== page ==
American Quarter Horse
American Quarter Horse, one of the oldest recognized breeds of horses in the United States. The breed originated about the 1660s as a cross between native horses of Spanish origin used by the earliest colonists and English horses imported to Virginia from about 1610. By the late 17th century, these horses were being raced successfully over quarter-mile courses in Rhode Island and Virginia, and hence received the name Quarter Horses. The Quarter Horse was bred for performance and had considerable Thoroughbred blood as well as traits of other lines. Important sires include Janus, an English Thoroughbred imported to Virginia in 1756; Steel Dust (b. 1843); and Peter McCue (b. 1895), called the most influential sire in improving the breed. Quarter Horses are a very popular breed in the equestrian world. These horses make ideal all-around horses and can be successful in a variety of sports. They also make very good trail horses, casual riding horses and are equally capable of being a child’s horse as a competitive athlete.
While some Quarter Horses can cost $20,000 or more, it is possible to find a high-quality Quarter Horse for a relatively low price. Many times, you can find a good Quarter Horse for less than $1,000.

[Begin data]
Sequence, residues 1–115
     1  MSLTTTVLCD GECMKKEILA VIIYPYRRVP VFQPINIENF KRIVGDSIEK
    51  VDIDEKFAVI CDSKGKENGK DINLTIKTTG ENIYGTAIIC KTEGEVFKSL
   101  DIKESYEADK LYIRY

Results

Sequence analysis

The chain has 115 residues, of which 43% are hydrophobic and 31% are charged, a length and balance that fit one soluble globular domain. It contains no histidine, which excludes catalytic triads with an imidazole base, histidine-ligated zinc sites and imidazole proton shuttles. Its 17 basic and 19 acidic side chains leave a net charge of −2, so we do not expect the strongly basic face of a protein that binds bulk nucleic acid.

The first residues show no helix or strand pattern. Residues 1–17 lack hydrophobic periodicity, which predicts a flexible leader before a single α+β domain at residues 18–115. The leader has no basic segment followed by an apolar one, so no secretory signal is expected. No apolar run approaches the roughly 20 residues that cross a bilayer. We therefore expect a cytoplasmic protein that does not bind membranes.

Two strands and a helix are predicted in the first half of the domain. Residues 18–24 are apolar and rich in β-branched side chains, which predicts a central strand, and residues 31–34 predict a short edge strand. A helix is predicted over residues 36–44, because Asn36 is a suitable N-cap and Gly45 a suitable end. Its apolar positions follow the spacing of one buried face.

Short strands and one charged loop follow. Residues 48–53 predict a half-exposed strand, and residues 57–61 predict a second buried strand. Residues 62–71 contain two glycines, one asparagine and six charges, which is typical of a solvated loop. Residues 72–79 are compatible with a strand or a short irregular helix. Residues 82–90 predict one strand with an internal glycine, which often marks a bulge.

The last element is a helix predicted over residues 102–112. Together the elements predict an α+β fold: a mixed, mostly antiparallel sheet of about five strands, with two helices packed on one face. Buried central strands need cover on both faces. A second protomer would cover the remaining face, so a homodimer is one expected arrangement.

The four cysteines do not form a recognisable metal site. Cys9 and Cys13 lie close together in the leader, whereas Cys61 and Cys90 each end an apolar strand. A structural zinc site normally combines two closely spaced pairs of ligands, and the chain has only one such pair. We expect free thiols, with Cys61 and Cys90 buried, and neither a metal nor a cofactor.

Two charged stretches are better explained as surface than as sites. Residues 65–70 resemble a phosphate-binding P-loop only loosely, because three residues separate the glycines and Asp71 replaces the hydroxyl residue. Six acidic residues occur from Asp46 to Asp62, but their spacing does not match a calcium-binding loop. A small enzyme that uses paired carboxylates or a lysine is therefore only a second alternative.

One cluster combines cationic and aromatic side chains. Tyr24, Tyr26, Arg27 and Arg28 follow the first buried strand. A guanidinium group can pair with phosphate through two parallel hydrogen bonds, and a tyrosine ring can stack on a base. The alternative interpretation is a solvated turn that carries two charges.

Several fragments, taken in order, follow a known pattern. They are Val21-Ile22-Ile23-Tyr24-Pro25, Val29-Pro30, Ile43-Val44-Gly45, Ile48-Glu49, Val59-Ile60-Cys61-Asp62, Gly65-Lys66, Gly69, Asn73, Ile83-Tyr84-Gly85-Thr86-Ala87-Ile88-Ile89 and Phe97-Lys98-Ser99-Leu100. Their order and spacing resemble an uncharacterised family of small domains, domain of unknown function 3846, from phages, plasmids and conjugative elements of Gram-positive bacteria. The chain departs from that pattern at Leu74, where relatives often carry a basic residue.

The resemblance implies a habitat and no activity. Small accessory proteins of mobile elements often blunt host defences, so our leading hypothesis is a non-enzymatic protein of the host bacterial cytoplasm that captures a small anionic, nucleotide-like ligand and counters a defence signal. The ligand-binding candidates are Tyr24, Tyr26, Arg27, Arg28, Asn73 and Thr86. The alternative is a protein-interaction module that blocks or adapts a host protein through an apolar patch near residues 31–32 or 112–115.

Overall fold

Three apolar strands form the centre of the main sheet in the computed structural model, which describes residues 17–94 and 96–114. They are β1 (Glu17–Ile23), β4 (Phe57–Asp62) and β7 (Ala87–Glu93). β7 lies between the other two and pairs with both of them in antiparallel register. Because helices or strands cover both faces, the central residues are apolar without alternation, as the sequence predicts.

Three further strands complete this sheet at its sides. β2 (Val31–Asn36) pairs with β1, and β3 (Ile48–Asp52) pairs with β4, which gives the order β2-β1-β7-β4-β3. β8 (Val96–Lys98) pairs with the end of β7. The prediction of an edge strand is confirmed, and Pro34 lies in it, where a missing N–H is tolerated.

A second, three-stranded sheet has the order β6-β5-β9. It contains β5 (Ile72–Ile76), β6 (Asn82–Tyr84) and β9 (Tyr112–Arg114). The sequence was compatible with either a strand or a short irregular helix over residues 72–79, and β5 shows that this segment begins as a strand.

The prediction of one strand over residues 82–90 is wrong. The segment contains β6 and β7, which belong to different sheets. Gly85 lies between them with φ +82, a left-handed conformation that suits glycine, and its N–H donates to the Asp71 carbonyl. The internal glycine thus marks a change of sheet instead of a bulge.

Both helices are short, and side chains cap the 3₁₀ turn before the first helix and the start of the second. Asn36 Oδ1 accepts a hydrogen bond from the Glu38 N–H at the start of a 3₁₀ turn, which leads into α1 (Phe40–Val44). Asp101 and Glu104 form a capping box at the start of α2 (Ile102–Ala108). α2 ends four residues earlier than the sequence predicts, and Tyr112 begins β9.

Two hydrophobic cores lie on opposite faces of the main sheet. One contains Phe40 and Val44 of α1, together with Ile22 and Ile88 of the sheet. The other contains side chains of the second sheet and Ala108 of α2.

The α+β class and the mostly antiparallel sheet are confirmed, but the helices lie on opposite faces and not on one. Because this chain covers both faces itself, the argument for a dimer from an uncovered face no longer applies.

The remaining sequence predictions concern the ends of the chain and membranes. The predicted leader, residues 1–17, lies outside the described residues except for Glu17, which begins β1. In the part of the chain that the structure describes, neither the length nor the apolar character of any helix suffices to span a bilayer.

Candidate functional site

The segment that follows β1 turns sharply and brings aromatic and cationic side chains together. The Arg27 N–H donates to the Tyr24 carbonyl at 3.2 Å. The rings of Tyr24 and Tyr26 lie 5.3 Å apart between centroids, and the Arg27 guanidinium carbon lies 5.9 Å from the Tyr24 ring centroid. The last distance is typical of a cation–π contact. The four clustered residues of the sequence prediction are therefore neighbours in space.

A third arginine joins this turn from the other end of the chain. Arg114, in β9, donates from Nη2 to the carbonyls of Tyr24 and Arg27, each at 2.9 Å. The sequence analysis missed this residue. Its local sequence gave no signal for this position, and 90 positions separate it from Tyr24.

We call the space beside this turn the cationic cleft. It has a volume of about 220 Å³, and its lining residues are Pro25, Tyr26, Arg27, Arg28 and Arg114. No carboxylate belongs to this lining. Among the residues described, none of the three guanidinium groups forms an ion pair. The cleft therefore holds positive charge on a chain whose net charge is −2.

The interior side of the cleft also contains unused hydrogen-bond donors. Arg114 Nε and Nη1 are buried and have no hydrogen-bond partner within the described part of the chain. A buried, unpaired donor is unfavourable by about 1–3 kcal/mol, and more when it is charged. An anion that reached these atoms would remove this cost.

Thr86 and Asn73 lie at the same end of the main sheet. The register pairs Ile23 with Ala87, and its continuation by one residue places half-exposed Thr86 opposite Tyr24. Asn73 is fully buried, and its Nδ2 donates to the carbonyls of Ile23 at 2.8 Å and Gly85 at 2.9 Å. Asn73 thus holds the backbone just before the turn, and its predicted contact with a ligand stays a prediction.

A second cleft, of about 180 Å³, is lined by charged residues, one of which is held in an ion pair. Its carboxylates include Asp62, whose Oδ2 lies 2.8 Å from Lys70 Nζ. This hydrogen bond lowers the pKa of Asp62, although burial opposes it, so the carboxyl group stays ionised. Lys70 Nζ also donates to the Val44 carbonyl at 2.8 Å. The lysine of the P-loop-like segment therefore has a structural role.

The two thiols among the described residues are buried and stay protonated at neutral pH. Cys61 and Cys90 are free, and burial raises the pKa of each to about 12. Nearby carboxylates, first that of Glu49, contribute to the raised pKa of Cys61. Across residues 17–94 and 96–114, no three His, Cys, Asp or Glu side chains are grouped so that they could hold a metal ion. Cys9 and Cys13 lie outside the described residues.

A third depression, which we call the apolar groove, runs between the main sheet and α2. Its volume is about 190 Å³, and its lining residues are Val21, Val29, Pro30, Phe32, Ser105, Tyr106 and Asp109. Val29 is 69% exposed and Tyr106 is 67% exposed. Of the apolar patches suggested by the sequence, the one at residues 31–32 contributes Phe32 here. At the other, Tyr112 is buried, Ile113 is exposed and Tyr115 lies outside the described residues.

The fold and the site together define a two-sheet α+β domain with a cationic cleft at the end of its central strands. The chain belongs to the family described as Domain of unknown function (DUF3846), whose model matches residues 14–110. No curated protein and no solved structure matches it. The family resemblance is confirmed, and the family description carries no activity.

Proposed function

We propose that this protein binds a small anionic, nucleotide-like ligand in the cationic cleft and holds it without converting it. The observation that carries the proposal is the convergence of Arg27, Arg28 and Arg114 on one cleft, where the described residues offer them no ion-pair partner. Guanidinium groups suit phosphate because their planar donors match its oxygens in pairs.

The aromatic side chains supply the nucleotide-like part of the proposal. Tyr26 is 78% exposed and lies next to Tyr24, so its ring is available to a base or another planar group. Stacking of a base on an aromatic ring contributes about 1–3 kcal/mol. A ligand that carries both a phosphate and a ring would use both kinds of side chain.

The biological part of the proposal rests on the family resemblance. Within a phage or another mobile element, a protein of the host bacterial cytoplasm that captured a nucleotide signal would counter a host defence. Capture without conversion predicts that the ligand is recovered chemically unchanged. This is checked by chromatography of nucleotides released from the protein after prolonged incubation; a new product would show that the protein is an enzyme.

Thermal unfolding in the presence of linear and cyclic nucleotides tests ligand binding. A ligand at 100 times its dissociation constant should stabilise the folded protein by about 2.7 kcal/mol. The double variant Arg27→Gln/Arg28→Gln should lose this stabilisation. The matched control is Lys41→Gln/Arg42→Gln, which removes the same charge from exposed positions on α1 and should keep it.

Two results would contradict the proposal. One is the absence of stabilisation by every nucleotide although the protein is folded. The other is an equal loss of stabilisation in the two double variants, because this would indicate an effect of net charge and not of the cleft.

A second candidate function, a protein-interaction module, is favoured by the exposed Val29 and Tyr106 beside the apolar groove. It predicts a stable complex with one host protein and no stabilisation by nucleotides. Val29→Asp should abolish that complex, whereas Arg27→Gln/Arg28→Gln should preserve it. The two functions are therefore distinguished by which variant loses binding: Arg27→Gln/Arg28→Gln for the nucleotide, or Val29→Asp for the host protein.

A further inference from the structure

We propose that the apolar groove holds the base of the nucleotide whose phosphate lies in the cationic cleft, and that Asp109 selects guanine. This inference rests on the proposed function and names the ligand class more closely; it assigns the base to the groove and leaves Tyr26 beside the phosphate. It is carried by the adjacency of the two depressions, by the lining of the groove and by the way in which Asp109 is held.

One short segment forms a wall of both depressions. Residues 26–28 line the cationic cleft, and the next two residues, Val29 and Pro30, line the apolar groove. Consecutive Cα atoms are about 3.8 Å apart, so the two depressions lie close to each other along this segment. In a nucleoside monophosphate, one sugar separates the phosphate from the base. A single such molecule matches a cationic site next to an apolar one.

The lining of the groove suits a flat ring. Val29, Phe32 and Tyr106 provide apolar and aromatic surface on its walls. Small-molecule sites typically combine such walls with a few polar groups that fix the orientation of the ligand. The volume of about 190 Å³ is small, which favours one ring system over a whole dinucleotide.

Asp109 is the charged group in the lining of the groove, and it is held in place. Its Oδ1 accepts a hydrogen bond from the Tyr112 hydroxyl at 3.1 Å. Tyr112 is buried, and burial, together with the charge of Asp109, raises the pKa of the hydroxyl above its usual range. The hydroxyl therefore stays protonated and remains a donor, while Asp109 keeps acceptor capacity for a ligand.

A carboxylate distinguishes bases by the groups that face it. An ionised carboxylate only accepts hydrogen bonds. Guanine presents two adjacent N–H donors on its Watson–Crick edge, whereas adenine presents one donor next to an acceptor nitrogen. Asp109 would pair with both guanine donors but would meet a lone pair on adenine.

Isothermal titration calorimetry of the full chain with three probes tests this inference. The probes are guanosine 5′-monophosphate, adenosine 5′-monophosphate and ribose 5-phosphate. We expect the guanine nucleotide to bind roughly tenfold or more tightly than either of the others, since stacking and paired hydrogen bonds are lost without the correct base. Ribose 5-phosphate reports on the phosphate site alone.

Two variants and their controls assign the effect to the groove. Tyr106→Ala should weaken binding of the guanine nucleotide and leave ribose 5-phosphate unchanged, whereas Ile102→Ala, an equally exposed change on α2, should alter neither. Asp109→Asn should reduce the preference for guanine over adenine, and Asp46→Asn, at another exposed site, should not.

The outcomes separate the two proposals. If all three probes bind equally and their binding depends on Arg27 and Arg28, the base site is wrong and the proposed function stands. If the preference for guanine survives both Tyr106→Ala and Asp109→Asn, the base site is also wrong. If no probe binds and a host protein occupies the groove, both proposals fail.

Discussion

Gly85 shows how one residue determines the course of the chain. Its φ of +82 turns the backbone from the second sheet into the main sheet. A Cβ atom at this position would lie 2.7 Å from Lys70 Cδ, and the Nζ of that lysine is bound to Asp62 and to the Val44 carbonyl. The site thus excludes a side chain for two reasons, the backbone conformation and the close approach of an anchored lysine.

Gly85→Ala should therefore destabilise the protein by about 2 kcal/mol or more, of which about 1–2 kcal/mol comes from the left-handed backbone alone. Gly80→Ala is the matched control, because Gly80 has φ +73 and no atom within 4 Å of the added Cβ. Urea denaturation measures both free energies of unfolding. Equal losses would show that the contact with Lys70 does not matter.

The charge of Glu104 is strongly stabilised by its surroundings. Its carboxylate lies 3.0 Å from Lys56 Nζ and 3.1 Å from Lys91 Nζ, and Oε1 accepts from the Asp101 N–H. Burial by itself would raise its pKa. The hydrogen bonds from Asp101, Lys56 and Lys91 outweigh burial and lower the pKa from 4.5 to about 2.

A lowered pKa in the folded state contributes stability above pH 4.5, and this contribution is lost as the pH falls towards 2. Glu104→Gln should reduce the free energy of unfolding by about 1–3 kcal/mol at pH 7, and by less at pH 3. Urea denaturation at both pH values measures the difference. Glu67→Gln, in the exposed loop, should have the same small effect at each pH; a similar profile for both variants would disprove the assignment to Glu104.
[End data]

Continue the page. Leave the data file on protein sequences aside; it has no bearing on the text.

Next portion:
In the early 19th century, Quarter Horses were overshadowed by Thoroughbreds, which ran better over longer distances. But Quarter Horses soon found a new acceptance in the western and southwestern United States as stock horses. The breed’s inherent quickness and agility made it ideally suited to the tasks of the developing frontier. Its good-natured disposition and natural cow-sense made the American Quarter Horse a favorite mount among cowboys during the open-range era of the West.
Modern American Quarter Horses are short and stocky, with heavy muscular development; short, wide heads; and deep, broad chests. Since these horses are used to cut cattle from herds, fast starting, turning, and stopping ability and speed for short distances are essential qualities. Their colors are variable, but all are solid. The height of mature animals varies from 14.3 to 16 hands (about 57 to 64 inches, or 145 to 163 cm), and their weight varies from 950 to 1,200 pounds (431 to 544 kg). They have a calm, cooperative temperament.
For years little attempt was made to develop a distinct breed. In 1940, however, the American Quarter Horse Association (AQHA) was organized, and in 1950 it was reorganized to include other Quarter Horse organizations. The AQHA controls the American Quarter Horse Stud Book and Registry. With more than 2.5 million horses registered in its stud book by the late 20th century, the AQHA was the largest horse breeders’ organization in the world.